FACTORY EXTREME: JUARBE
Precision Turbo Factory Extreme was touted as the best field gathered in the history of the bracket, with 3 5-second cars in attendance in a 14-car field. Hot off his 5.90 at the Winternationals, Kiwi Rod Harvey was ready to repeat the numbers in the presence of the Puerto Ricans. The weather conditions, whilst fine and sunny, did not have the cooler winter temperatures required to run the big numbers. The track, as usual, was killer, and even after adding over 60Lbs to make Factory Extreme weight, El Humilde nailed top spot in Q1 with a 6.121. The Mech Tech Scion also ran a tight 6.127 for 2nd spot, until Harvey peeled a 6.058 to jump the pair for pole. Many of the teams struggled with various problems, but tyreshake was the common denominator in most of the qualifying sessions. Q2 saw Juarbe steer El Humilde back to the top with a 6.034 and Rojas also improved the Mech-Tech Scion with a 6.056 to edge Harvey to 3rd.
The iconic Corolla then consolidated its dominance by reeling off a 6.014 in Q3 whilst the rest of the field still tried in vain to run a representative elapsed time. A few tenths separated the rest of the best, led by Joe Signorelli (6.49), Archie Kajewski (6.50), Nathan Hagenson (6.51) and Collin Willshire’s 6.62 made up the top 7. Willshire had tested the 4-cylinder Jett Racing Eclipse and improved on its previous 6.57 best with a 6.52 during the week. Burgos returned Sunday morning to re-run the first qualifier and again experienced issues after another complete rebuild of the car, but Loquito Killer was the only Puerto Rican car that couldn’t find its Mojo again after the testing incident, with niggling problems restricting the car from making any more representative passes.
Round 1 saw Hagenson despatch Darren Kehl’s Rx7 with a 6.56/220. Jason Both faced Rojas, who shook hard, handing the Rx7 a tight 7.20 to 7.56 win. Juarbe faced Victorian Dion Amato in his Barra, and soundly dispatched a 6.11 to 6.88 victory. Signorelli soloed with big tyre spin and shut off, whilst Harvey faced George Rehayem in the Pac Racing 6. Harvey suffered immediate tyre spin and a 1.23 60ft time, whilst George streaked away from the line with a 1.03. Harvey recovered and set off in pursuit, trailing the Mazda 6 at ½ track before pulling alongside at the 1000ft mark and then recording the win with a 6.35/247 to 6.50/206. Mazfix’s Archie Kajewski soloed to finish the round.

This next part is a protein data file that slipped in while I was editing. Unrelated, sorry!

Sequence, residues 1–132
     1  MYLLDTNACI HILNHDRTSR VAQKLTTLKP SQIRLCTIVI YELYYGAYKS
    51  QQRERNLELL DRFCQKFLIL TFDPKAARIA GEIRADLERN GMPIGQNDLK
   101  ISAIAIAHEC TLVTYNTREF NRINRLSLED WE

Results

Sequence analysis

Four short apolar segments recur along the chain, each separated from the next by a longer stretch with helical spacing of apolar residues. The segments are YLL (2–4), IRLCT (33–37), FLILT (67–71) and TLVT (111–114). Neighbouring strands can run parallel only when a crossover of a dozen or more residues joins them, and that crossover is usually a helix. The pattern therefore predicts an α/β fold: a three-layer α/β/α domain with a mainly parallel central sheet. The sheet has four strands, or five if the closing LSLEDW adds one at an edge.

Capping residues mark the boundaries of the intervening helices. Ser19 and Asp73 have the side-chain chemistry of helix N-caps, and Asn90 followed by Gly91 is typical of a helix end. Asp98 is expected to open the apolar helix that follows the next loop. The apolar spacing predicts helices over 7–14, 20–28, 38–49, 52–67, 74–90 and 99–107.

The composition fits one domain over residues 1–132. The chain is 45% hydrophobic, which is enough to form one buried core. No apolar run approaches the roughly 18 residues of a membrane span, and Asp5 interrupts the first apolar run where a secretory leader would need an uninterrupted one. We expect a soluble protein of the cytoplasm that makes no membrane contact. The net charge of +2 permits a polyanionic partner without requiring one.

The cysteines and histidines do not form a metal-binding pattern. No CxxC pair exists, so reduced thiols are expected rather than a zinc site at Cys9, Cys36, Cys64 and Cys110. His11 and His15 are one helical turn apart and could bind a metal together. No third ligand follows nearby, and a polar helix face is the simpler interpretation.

Round 2 started with an all-kiwi matchup between Harvey and debutant Gina Bullians in her new Mazsport Rx8, with Bullians scoring her first 6 and victory in the car with a 6.90/198 when Harvey had issues. The upsets continued, with Kehl edging Kajewski with a tight 7.86 holeshot victory to another 7.86. Porter blew the tyres off the world’s quickest Nissan on the hit against Hagenson, but claimed a 6.75 shut-off win. Amato defeated Signorelli who also shook, and Rehayem pedalled better than Rojas for a 9.41 to 13.81 victory. Juarbe faced Both, and soundly showed all in attendance that the tuning prowess of Jorge Lazcano can overcome everything, running a 6.07/239 to dispatch the Rx7.
Round 3 of the Chicago Shootout is important to do well, especially if there are numerous competitors on identical win counts. Running as quick as you can is important, and this ultimately determined who was to meet in the final. Hagenson defeated Amato with a 6.522/223 to 6.81/201 to be 2 wins from 3 with a final round 6.52. Signorelli did the same to Kehl with a 6.520 to be in a similar position. Willshire faced Both and won with a great 6.65/210 to finish the weekend. Harvey soloed and would end up with 2 wins from 3, but needed to run quicker than the 6.52 of Signorelli to make the final. But the car faltered early in the run and couldn’t recover, running a 6.82/206 to end his day. Kajewski defeated Porter when the Nissan overpowered the track again, Rojas despatched Bullians with a 6.55/233 and Juarbe soloed as the only car to score 3 wins from 3.